LONDON (Reuters) - Debt in the world’s top 30 steel companies totals a record $150 billion (£115.05 billion), international accountancy firm EY said on Thursday, adding governments’ action to support the sector would work only if matched with more radical industry restructuring.
EY said in a report published on Thursday steel firms took on debt as they fought for market share, notably the Chinese steel sector has added about a billion tonnes of capacity since 2000, helping to take global excess capacity to about 700 million tonnes.
The debt of the top 30 companies is dwarfed by China’s steel sector debt, estimated at $500 billion.
“Many steelmakers are in some form of distress with some teetering on the verge of bankruptcy,” Anjani Agrawal, EY global steel leader, said, adding government efforts would only work if the industry had viable business models.
Reforms are underway.
Thyssenkrupp, the world’s 16th largest steel producer by tonnage, has announced the sale of real estate assets as well as embarking on merger talks with Tata.
At the end of June, the firm had gearing of 175 percent, versus 124 percent a year earlier, and debt of 4.77 billion euros (£4.13 billion)compared with 4.39 billion the previous year.
It aims to reduce its gearing to less than 150 percent by the end of September and told an analysts’ call last week it should meet that target.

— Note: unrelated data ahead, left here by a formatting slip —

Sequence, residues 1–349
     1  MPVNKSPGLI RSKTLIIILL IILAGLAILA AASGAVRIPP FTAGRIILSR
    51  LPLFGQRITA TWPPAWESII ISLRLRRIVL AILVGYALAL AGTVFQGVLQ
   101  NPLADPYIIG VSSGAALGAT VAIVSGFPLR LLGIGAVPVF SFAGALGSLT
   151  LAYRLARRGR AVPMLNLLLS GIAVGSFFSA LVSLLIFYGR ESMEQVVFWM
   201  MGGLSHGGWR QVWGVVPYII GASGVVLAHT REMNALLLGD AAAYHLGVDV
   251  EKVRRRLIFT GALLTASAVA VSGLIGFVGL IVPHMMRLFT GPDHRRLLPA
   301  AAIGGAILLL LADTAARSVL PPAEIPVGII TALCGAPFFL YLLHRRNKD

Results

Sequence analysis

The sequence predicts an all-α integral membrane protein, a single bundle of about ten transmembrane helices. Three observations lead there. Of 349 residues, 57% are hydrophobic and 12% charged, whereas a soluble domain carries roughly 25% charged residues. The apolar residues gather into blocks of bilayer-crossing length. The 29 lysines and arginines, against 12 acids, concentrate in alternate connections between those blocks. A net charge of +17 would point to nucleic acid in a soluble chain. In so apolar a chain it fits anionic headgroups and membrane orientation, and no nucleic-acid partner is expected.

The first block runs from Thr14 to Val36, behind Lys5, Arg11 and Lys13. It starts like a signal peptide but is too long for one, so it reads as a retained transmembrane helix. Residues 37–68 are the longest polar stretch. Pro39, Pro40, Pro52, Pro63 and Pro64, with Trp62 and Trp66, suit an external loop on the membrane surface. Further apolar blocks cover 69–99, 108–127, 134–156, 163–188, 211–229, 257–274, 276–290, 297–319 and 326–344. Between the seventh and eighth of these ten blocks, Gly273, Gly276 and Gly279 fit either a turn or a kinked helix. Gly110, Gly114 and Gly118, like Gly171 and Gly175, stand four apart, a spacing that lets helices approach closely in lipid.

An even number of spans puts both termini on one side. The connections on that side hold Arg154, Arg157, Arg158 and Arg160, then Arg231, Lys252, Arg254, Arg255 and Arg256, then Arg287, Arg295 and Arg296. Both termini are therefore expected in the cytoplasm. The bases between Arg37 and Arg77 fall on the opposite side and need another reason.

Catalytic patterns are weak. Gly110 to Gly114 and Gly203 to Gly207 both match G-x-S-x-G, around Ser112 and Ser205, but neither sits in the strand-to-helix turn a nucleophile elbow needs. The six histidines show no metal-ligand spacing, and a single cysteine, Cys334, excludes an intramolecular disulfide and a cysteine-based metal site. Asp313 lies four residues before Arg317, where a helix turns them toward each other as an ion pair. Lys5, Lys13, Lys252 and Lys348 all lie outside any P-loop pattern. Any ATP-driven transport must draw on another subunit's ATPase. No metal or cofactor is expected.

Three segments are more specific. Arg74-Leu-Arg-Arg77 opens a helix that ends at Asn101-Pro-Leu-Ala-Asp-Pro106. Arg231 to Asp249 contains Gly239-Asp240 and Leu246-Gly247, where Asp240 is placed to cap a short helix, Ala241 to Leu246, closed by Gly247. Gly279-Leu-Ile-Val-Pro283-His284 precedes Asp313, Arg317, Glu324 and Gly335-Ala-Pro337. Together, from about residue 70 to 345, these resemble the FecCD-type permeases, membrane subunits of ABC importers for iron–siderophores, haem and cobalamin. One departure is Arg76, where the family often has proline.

The world's largest steelmaker ArcelorMittal ISPA.AS has tackled its debt with a $3 billion rights issue.
It also sold a $1 billion stake in a Spanish automotive steel group Gestamp in April. Net debt was $12.7 billion at the end of the first half of 2016, down from $17.3 after the first quarter. The group guides for positive cash flow in 2016.
China has promised to reduce steel capacity by 45 million tonnes this year, but cuts in the first seven months were only 47 percent of the annual target.
To protect Western firms from Chinese steel, which the United States and Europe says is sold at less than cost price, Washington and Brussels have imposed duties, prompting criticism from China.
European steel representatives say Chinese firms should carry out most of the restructuring, given the size of their debts, but they are not assuming that will happen and all measures will be needed for the sector to survive.
“For the next 5 to 10 years there will be substantial pain. It should be principally in China, but it will be principally here unless we have effective trade measures,” Brussels-based lawyer Laurent Ruessmann, a partner at Fieldfisher, said by telephone. He represents steel firms and is specialised in China and trade law.
Additional reporting by Robert-Jan Bartunek in Brussels, Georgina Prodhan and Tom Kaeckenhoff in Frankfurt, editing by David Evans
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